Tag Archive: streets

Right-of-Way Declaration of Independence & Bill of Rights

Cathy Tuttle
July 4 2015
Cross-posted with The Urbanist

Declaration of Right of Way Rights

We hold these truths to be self-evident, that all people are created equal, whether they are rich or poor, black or white, young or old, and that we are endowed with certain unalienable Rights, that among these are Life, Liberty and the pursuit of Happiness.

  1. We the people recognize that the ownership or use of a private vehicle does not imply the sole ownership of the public Right-of-Way.
  2. We recognize that there is no such thing as free parking, and that our collective community pays to subsidize free car storage on our public Right-of-Way.
  3. We recognize the rights of people, in particular our most vulnerable elders and children, to freely walk on and across our public Right-of-Way without fear of injury or death by people in moving vehicles.
  4. We recognize that when separated sidewalks are provided as part of the Right-of-Way, they must be wide, uncluttered by street poles and furnishings, and minimally punctuated by driveways in order to be functional for people who walk.
  5. We recognize that people riding bicycles have the right of way on our streets, and that the movement of people on bikes, particularly families riding bikes, shall not be limited on our Right-of-Ways unless their movements represent a danger or obstruction to people walking.
  6. We recognize every public Right-of-Way that does not provide separated sidewalks and protected bike lanes is a place where “cars are guests” and where people who drive should go no faster than three times average walking speed (ten miles per hour).
  7. We recognize the highest and best use we can have for our vehicles, our Rights-of-Way, and our fossil fuels, that are all subsidized by our common wealth, is to move our goods, provide emergency services, and provide transport for our most vulnerable people.
  8. We recognize that our public Rights-of-Way are maintained through extraordinary investments of our collective energy and capital.
  9. We recognize we have built more public Right-of-Way than we will be able to maintain in the future.
  10. We recognize that we live on a finite planet with limited resources and that the fuels and battery energy needed to power our vehicles is heavily subsidized with our collective money.
  11. We recognize we are at the start of a centuries long climate crisis, and that every opportunity to maximize tree planting on the forty percent of our city land that is currently paved is an investment that future generations will thank us for.
  12. We recognize the potential for beauty, gathering space, and places for people in our public Right-of-Way.

 

Should you be lit up like an airport runway to cross the street?

by Glen Buhlman, Kirkland Greenways
October 17, 2014

Should you need to be lit up like an airport runway in order to cross a street without getting hit by a car?

Be_Safe_Be_Seen_Day_Release_5.jpg.662x0_q100_crop-scalePublic Domain Road Safety Authority Ireland

This expectation is becoming common in our region. Rather than focus on the lack of safety on our streets and committing the required funding and staff resources to engineer safer streets, we too often look for cheap ways to make ourselves feel like we have solved the problem, all the while continuing to spend the bulk of our transportation budget (your tax money) “improving” our roads for cars to go faster. It is a vicious cycle that makes many people feel it is too unsafe to walk or ride bicycles or get to transit and instead drive, further exacerbating the traffic problems.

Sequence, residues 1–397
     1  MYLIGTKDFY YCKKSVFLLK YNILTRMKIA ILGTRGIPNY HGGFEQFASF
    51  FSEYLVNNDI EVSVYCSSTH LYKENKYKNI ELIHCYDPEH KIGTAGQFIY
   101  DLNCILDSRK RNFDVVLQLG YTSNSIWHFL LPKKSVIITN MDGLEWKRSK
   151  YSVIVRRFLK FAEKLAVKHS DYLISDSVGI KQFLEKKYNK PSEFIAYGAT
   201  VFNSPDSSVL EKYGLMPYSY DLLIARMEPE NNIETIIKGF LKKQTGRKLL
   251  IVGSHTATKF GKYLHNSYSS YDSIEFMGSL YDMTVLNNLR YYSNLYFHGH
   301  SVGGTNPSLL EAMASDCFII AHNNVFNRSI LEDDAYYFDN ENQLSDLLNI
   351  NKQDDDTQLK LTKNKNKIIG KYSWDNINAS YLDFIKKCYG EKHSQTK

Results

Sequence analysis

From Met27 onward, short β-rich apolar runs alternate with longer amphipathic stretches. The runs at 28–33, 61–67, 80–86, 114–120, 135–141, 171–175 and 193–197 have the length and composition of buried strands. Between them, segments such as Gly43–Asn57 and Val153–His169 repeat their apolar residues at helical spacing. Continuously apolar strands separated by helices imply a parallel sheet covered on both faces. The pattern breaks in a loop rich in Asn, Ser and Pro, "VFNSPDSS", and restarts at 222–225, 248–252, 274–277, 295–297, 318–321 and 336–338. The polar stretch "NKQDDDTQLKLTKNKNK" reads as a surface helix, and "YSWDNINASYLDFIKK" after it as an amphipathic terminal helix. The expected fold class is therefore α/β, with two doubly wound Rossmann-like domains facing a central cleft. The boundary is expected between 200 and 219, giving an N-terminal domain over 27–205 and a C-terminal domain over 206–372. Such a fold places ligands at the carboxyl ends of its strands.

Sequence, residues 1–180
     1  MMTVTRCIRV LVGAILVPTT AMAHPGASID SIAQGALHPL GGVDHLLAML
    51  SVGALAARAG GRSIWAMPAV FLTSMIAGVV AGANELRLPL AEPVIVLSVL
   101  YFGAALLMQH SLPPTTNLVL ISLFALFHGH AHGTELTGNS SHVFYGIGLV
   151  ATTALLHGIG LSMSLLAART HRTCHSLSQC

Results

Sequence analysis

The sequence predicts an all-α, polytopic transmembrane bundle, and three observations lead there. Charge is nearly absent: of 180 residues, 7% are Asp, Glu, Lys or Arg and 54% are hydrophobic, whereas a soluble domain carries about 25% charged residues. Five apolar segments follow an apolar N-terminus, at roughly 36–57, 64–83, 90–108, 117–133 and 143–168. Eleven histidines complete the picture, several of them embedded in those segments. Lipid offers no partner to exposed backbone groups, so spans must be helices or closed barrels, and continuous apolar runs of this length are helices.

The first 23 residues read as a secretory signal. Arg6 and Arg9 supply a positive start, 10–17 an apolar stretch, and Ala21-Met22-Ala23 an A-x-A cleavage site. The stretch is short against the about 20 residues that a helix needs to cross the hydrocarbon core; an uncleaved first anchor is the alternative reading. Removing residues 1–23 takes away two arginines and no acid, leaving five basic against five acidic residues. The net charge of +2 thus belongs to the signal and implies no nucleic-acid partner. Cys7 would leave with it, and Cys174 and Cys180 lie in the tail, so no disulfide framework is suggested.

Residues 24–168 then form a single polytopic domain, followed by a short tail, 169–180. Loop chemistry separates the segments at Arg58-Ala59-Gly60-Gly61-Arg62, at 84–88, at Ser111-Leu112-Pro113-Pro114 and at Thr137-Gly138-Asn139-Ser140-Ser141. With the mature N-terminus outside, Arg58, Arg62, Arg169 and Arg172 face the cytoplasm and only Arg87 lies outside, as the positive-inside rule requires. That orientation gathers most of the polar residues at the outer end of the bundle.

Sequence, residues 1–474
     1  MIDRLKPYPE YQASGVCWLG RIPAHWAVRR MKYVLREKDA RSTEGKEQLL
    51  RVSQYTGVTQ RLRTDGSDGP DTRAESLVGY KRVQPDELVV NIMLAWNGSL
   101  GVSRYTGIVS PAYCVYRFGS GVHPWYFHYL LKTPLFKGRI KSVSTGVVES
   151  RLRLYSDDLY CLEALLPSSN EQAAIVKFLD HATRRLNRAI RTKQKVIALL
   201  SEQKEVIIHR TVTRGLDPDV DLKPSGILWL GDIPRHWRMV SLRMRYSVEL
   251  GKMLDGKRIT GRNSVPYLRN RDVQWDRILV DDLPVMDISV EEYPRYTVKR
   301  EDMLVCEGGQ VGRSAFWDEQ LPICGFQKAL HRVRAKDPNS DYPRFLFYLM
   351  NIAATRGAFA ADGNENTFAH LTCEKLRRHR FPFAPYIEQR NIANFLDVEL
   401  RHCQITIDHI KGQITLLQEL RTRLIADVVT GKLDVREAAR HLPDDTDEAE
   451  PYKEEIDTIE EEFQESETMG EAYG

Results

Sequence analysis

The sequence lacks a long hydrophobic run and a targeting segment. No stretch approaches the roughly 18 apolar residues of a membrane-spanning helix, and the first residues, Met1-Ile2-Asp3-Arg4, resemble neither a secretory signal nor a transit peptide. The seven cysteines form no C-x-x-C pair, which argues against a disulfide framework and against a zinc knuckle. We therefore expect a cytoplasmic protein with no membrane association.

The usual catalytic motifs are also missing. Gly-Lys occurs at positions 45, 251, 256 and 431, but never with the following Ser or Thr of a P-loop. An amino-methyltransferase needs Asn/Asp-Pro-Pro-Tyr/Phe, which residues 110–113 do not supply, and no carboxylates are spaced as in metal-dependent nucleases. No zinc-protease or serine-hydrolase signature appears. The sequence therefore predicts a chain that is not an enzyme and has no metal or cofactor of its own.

The Northshore Utility District is handing out the exact same safety vests as those pictured with Santa to local school children. The City of Kirkland puts flags at crosswalks for people to wave at cars when they cross the street to try to shame the people driving the cars into stopping.

To be clear, Kirkland Greenways is not opposed to stopgap and immediate solutions to try to save lives while we do the hard work to make our streets safe for people who walk and bike. But the Kirkland flag program has existed for almost 20 years!

How long does Northshore Utility District expect everyone who walks anywhere to wear a reflective vest? How long before we have flags and vests, maybe also with motion activated flashing LEDs and sirens on them, hanging at all crosswalks in our region? How about we engineer our streets to make them safe for people rather than engineering people to make them safe on our streets?

At Community Future Day in Kirkland on Apr 26, 2014, residents were given play money in the amount of the city’s budget and asked how they would spend it.  Residents chose to spend 25% / 26% / 27% on pedestrian/bicycling/transit respectively and only 21% on automobile projects.

We all own these streets. It is up to all of us to decide how we want to invest in and use our streets. There has been a big change, at least in Kirkland, Washington and Kenmore, Washington, and the change has been pretty clearly in favor of making our streets safe for people to walk and bicycle.

Let’s invest in more than vests and orange flags, shall we?